Epson Tag

Every time I go wandering through Camera Electronic I find something more that I want. This is pleasant but dangerous - it can disturb the even flow of my bank account and cause me to look upon my present equipment with a jaded eye. I'm reasonably safe in the camera section right now as I seem to have the camera bodies and lenses that will do the things I want to do. I have my desires, of course, and review the announcements from my chosen manufacturer with close attention. Who knows when a pleasant surprise will appear on the horizon...

I'm great at making my mind up about things, as long as I can dislike them. Negativity is one of my positive traits - it lets me know where I don't want to go and what I don't want to do. I generally discover these two things after I've gone there and done them. Sometimes it's nice to make a change and find out the good stuff rather than the bad - and in the back end of the Stirling Street shop is a rack of producs that will let me do just that - the sample paper packs. I was drawn to this familiar area the other week by the two green packets you see here: They are made of unusual materials - hemp and cotton in one case and agave in the other. Both are listed on their respective packets as fast growing, sustainable, and renewable - an important thought for some photographers. You get three A4 sheets in each packet to to test with colour or monochrome printing. Quite apart from the economic and political aspects of this, they...

As a long-time user of Epson inkjet printers I have been somewhat cynical about my relationship with them. I started out with a biggie - a 3800 model that would print A2 sizes. It was a marvellous machine for some time but my own neglect of it eventually spelled doom. I failed to cycle and exercise it enough and eventually one of the channels in the inkjet head blocked irretrievably. I could do nothing with it and gave it away to someone who only wanted to print monochromes with it. They may still have it, and good luck to them. Chastened by my experience, I bought another - a smaller model that only goes to A3+ size. I've exercised it weekly since purchase and have saved it from complete blockage. But there are times when the jets do clog and there are procedures needed to clean them. However, when all is going well, the results from it are all that I could ever want - and all that the people who receive my prints could ever want as well. The secrets seem to...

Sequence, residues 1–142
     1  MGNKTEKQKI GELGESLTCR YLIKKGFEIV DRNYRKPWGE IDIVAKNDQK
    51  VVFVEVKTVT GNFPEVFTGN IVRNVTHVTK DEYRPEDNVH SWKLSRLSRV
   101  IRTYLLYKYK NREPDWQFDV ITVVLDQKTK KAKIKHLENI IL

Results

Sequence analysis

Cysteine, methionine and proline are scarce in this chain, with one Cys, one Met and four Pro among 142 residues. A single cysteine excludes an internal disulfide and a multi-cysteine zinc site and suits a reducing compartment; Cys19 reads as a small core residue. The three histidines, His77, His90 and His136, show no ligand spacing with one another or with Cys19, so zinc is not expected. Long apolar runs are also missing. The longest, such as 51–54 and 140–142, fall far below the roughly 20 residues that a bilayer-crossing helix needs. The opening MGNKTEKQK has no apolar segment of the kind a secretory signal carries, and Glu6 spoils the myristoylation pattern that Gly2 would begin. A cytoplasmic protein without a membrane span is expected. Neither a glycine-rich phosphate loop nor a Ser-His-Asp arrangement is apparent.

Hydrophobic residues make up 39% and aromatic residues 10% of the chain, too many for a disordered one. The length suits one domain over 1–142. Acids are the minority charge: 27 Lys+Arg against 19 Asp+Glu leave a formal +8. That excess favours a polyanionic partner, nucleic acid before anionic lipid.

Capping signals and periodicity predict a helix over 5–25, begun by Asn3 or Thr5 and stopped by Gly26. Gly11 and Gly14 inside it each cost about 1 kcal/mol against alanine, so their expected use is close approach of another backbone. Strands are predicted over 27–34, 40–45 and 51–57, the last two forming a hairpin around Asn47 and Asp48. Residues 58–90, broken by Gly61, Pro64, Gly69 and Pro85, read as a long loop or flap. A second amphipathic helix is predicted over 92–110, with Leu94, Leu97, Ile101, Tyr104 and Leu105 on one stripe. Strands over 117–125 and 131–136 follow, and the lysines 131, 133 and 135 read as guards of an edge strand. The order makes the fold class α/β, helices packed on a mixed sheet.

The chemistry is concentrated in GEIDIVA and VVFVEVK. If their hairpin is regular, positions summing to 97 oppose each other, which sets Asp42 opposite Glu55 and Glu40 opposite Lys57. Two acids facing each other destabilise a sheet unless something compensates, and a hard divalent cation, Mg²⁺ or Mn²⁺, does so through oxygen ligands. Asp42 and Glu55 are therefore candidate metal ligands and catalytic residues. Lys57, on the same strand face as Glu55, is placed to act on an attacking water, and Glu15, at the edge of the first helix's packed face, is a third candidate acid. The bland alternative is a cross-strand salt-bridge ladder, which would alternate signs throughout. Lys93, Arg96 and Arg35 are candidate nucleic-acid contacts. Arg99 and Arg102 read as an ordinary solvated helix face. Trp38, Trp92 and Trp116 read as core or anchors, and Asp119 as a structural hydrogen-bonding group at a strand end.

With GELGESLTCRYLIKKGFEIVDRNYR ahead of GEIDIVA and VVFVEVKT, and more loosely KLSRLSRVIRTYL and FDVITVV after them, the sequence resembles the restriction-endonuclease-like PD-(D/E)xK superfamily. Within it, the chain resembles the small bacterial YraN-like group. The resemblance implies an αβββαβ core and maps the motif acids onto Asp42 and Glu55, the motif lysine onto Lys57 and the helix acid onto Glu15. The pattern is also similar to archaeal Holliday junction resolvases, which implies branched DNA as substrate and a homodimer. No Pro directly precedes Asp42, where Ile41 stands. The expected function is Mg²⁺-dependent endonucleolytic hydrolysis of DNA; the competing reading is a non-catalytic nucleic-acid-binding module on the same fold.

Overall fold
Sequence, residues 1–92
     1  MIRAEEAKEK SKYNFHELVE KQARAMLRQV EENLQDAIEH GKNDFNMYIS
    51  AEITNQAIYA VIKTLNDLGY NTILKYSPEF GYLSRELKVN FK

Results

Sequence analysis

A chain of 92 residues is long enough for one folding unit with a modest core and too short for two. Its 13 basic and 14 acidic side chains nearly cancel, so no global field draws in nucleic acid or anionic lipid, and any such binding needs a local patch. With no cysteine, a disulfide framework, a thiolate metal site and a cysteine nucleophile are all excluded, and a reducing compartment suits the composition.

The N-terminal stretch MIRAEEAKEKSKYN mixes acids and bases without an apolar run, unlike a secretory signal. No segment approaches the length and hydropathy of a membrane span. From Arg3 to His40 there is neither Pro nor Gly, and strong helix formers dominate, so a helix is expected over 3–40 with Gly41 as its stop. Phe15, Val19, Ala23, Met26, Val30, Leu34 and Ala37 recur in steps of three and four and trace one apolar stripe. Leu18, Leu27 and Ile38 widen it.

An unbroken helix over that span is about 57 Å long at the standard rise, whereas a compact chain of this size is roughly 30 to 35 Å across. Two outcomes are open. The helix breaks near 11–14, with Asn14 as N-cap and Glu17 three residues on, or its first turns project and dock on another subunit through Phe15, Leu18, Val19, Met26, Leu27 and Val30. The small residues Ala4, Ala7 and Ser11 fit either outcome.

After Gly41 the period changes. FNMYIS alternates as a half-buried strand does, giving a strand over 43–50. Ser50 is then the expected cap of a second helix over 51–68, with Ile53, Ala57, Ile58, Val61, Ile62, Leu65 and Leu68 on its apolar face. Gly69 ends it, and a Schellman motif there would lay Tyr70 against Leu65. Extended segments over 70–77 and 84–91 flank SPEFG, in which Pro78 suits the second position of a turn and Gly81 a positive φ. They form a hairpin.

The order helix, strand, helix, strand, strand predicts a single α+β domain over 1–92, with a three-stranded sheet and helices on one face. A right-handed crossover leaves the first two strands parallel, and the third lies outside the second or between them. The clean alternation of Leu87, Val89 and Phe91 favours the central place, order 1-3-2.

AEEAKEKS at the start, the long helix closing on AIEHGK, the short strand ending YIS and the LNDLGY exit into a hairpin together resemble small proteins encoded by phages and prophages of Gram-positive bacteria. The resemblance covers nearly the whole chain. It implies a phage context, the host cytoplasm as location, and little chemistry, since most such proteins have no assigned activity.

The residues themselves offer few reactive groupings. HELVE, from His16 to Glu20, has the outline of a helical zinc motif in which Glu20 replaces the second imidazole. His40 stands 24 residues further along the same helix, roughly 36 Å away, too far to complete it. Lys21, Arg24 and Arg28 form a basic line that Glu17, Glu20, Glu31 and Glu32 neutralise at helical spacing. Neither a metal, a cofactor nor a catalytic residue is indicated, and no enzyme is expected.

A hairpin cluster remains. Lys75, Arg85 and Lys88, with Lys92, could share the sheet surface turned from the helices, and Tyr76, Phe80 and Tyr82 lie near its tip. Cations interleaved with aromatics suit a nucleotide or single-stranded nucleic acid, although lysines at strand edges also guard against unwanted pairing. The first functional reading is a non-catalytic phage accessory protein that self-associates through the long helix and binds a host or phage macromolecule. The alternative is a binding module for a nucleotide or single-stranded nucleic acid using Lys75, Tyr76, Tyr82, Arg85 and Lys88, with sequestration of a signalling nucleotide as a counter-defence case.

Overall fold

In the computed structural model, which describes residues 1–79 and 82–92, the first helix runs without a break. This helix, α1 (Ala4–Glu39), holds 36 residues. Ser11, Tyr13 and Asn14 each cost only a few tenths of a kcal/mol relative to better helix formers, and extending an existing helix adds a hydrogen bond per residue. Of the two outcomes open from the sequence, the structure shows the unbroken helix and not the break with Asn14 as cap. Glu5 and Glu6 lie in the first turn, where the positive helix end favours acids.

When I was working behind the counter at CE - fitfully, I hasten to add - I was often tasked with the job of setting out the inks for the printers. We carried a number of the Epson models - still do - and it was a precision task to match the various supplies with the printers. Fortunately Epson was pretty good about colour-coding the boxes - less so about the various sub-variants of ink. You had to read the label carefully to see if it was the right number. The Epson Ultrachrome inks are actually wonderful. When I set my R 3000 printer correctly, load my paper correctly, and get the computer to correctly send a signal ( Three correctlies in a row...

https://www.cameraelectronic.com.au/epson-perfection-v850-pro-scanner Our current circumstances of lockdown have prompted a lot of photographers to set about scanning their previous analog work and converting it to digital storage - the writer of this newsletter amongst them. I've used an older model of the Epson V-Series flatbed scanners for well over a decade and it has proved to be an invaluable part of the studio. Prior to my digital training at Camera Electronic I shot on many different film cameras with many different sizes of film;35mm, 6x4.5, 6x6, 6x7...